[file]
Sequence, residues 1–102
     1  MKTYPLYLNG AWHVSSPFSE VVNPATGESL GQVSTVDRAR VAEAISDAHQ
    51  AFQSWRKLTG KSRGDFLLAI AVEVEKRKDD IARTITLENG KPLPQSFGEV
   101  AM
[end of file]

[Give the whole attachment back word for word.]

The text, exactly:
Sequence, residues 1–102
     1  MKTYPLYLNG AWHVSSPFSE VVNPATGESL GQVSTVDRAR VAEAISDAHQ
    51  AFQSWRKLTG KSRGDFLLAI AVEVEKRKDD IARTITLENG KPLPQSFGEV
   101  AM